I’ll admit ( as far as genres go ) I’ve never been too much of a fan of “sword and sorcery” tales. I attribute this to having read Tolkien’s “The Hobbit” and “Lord of the Rings” at such an early age ( and the overwhelming impact that it had on me ). It seems that any other writer that contributes to this genre either comes up with something that, to me, is too derivative of Tolkien’s work or just doesn’t quite measure up to the “Master”. My attitude going in to the S & S genre is more akin to a literary case of “been there, done that” ( in terms of my reading experience ). With the exception of the first Highlander movie and the HBO series “Game of Thrones”, I feel there’s not much the sword genre has to offer me.
Thankfully, Amala’s Blade ( created by writer Steve Horton and artist Michael Dialynas ) is so “out of the box” in its own take on the genre that it grabs your attention and keeps it. With a dash of the supernatural and technological thrown in, this is the story of female master assassin Amala from the country of Naamaron. This country has been the stage for a twenty year civil war between the city of Ouon and the city of Avatouon. The inhabitants of these two cities are separated by their use of technology. While the Purifiers of Ouon utilize the technological applications of steam-powered engines, the Modifiers of Avatouon have taken their adoration towards technology on step further, virtually living as cyborgs through implants. As the story opens, Amala has once again completed a contract kill……but not quite with the low profile her customer, the Vizier of the Neutral Territory, wishes. Realizing she has become more of a liability, the Vizier hires her for another contract, a job that clearly has “suicide mission” written all over it. Luckily, for Amala, she has unlikely allies in both the real and spirit world to watch her back. And for the mission that lies ahead of her….she’s going to need them.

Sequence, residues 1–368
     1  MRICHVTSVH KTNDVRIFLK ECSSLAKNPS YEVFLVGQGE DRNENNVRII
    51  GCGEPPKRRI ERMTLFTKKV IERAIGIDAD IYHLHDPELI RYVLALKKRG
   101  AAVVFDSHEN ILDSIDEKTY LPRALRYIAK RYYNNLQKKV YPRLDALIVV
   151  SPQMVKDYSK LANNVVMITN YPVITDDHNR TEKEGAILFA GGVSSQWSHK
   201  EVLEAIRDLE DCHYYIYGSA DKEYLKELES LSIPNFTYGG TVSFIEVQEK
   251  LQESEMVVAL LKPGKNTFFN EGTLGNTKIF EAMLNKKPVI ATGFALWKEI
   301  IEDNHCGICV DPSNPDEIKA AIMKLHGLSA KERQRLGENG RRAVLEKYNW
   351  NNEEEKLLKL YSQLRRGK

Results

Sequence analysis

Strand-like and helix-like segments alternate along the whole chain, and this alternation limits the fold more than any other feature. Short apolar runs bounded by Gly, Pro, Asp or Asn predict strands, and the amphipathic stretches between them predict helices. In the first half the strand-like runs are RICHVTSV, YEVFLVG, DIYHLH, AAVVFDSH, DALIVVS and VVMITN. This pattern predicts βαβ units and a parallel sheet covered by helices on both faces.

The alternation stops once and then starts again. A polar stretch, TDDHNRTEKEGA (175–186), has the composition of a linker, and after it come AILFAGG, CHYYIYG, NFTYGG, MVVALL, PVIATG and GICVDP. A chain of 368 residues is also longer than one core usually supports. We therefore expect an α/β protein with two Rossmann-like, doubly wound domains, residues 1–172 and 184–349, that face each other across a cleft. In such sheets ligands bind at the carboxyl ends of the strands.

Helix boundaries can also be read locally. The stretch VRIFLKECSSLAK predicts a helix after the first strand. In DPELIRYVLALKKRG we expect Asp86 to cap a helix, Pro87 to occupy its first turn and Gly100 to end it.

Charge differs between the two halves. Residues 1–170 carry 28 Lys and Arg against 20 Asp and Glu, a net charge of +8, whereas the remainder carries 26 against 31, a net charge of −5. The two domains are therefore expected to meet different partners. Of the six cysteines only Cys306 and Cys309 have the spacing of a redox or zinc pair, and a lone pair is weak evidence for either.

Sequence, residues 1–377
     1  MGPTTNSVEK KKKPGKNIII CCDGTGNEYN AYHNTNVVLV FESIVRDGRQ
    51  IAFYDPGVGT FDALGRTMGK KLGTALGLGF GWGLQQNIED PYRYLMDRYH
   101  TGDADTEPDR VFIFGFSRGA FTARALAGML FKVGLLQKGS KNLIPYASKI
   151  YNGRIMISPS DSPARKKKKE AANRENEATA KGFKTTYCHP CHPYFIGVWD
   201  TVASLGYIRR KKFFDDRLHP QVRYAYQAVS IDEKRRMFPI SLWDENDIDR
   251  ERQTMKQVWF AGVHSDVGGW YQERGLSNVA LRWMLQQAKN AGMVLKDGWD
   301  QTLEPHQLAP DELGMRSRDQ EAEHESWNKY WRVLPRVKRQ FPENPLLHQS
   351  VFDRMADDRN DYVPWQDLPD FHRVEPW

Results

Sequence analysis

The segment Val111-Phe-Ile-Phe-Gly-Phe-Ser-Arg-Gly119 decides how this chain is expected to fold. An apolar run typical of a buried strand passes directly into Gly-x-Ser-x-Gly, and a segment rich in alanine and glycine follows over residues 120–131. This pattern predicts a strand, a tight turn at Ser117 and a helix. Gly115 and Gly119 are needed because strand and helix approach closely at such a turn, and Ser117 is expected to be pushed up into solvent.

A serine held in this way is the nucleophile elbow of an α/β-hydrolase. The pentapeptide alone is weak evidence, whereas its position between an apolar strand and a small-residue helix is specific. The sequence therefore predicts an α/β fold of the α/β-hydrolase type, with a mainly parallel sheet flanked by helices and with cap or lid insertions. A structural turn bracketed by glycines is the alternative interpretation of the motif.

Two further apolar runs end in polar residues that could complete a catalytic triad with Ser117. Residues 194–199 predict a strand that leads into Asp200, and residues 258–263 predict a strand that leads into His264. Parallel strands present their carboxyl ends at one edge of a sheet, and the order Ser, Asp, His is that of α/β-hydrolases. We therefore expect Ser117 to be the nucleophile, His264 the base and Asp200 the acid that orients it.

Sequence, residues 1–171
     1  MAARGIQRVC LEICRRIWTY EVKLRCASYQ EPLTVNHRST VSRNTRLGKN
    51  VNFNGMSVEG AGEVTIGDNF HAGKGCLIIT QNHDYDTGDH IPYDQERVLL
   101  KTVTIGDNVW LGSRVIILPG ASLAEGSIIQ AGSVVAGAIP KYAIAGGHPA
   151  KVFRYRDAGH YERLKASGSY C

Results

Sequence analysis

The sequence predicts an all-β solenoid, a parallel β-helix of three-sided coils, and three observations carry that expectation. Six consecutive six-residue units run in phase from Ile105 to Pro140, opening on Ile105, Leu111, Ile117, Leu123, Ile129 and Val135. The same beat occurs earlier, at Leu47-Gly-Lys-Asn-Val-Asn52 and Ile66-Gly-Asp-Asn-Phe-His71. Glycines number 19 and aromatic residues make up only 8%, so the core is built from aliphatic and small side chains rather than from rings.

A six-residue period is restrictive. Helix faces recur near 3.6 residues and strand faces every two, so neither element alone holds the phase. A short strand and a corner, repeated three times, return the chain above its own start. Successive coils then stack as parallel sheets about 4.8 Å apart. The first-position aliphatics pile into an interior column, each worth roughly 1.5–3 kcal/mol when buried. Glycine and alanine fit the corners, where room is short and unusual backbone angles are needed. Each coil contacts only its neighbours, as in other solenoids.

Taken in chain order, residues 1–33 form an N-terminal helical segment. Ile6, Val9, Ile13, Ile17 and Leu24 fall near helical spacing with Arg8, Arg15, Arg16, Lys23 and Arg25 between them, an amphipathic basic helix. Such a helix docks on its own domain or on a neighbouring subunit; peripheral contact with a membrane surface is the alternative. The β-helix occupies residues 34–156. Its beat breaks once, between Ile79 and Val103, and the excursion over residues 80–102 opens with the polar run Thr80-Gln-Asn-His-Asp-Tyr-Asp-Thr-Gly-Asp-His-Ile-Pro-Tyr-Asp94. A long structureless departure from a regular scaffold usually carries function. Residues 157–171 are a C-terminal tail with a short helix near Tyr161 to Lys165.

Right off the bat, writer Steve Horton throws us in the action. What makes that action easy to follow is artist Michael Dialynas’ artwork and panel structuring. The art is beautifully rendered and the elements in the picture do not crowd the panels. I cannot say the same for some artists in Marvel or DC who feel the need to throw everything at us including the kitchen sink ( with the kitchen sink blocking most of the action ). I don’t know why these so-called big name talents feel the need to over-render everything to the point of confusion. It’s been a long time since I’ve seen an artist balance the foreground and background as competently as Dialynas has in this issue alone. The variety in the looks of the individual characters and panel perspective is also a standout for me.
Writer Steve Horton has succeeded in capturing my interest because he utilizes a valuable writing device: setting the story within a small geography. One of the drawbacks I find to reading stories in the sword and sorcery genre is having to memorize all the vast number of locations that writers feel the need to throw at me. It gets hard to keep track of every character and every action when it is played out on too broad of a canvas. With this title, Horton has let the characters define the borders. An epic can be played out just as well in yards than in miles. A strong first issue and one that I’d recommend following.
Writer: Steve Horton
Artist: Michael Dialynas
Colorist: Michael Dialynas
Cover Artist: Guy Davis
Publication Date: April 24, 2013
Format: FC, 32 Pages
UPC: 7 61568 22079 7 00121